Story & Photos John Carter
During the big-wave winter season on Maui, fierce storms off the eastern coast of Japan and south of Alaska’s Aleutian islands radiate pulses of energy from over 3000 miles away across the Pacific until they hit the distant shores of the Hawai’ian chain.
(This feature originally appeared in the August 2013 issue of Windsurf Magazine. Print and digital subscriptions for readers worldwide are available HERE.)
Usually this process is game over come April, when spring brings more reliable trade winds and smaller swells. Breaks like Peahi, (a.k.a Jaws), will normally hibernate all summer, leaving big-wave addicts to hunt elsewhere for their adrenaline fixes.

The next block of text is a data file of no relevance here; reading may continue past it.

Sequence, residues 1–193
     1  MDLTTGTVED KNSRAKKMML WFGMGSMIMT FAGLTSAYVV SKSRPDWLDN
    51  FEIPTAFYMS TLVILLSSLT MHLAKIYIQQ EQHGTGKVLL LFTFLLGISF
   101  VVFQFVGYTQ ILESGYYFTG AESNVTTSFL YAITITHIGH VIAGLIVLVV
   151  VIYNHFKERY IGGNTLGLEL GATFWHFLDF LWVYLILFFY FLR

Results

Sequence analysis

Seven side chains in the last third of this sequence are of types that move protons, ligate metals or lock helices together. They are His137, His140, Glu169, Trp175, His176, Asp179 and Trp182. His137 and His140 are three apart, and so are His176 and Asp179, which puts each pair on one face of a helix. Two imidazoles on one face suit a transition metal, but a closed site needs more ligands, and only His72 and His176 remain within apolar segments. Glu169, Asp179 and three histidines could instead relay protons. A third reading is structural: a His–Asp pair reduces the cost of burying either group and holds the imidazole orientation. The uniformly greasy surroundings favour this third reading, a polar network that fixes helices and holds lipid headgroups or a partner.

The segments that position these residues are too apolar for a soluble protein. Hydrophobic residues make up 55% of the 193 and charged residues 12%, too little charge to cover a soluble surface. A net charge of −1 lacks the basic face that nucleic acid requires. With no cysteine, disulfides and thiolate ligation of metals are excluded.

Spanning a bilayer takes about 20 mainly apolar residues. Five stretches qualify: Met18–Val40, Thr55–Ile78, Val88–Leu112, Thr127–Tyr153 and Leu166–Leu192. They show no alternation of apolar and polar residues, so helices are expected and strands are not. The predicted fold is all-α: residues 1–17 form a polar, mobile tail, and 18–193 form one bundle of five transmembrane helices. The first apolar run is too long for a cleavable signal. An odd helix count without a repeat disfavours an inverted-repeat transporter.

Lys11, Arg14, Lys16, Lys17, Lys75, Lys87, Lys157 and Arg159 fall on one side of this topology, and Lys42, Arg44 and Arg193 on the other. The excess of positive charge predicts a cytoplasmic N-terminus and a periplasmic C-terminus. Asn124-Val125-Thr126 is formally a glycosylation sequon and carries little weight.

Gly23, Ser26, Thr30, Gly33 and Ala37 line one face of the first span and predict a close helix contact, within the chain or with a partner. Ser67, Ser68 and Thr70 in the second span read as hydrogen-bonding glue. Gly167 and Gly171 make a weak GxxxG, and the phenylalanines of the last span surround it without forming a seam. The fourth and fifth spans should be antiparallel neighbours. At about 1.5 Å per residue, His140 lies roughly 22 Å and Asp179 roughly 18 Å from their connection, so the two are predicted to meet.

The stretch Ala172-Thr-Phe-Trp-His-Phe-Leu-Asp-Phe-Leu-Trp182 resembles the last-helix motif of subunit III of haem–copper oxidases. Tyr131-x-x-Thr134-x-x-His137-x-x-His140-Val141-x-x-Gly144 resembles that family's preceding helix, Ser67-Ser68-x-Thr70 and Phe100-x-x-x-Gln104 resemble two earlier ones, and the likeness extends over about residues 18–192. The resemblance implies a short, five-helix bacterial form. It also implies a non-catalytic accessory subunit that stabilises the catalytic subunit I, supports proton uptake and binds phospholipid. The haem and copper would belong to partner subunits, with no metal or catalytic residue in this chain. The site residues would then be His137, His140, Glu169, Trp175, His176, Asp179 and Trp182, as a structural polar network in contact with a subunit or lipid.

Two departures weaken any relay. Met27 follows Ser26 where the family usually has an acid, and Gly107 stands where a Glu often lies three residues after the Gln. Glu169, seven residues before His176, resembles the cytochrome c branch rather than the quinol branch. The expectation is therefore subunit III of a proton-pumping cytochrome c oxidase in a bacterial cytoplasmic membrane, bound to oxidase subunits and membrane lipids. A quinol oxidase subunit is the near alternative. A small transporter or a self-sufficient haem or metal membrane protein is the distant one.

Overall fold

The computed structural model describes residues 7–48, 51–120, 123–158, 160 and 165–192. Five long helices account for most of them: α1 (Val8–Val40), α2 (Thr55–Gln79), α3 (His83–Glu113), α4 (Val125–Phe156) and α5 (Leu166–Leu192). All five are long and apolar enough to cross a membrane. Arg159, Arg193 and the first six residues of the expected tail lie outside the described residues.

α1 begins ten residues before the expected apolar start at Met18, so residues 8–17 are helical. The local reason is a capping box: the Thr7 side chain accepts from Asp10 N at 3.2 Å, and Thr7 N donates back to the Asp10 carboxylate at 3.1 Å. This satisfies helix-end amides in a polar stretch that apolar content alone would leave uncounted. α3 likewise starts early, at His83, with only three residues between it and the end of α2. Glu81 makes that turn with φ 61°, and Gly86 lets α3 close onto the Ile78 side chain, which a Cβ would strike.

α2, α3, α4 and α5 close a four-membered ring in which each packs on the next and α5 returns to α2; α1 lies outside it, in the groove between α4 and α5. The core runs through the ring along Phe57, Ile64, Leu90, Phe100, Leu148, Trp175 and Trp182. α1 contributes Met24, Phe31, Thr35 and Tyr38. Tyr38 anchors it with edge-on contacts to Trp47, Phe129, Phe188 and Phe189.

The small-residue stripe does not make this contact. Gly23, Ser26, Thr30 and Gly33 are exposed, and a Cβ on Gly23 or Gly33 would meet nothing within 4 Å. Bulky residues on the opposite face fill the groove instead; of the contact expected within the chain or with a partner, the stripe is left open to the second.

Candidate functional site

But in early April 2013, a rare late-season swell blipped onto the radar with a solid 3.6m at a 16-sec period forecast – by no means the biggest swell Hawaii can produce, but most likely enough to trigger Jaws to light up. John Carter was lucky enough to be on Maui to witness the occasion and, with the help of the riders involved, brings us the story from a memorable day.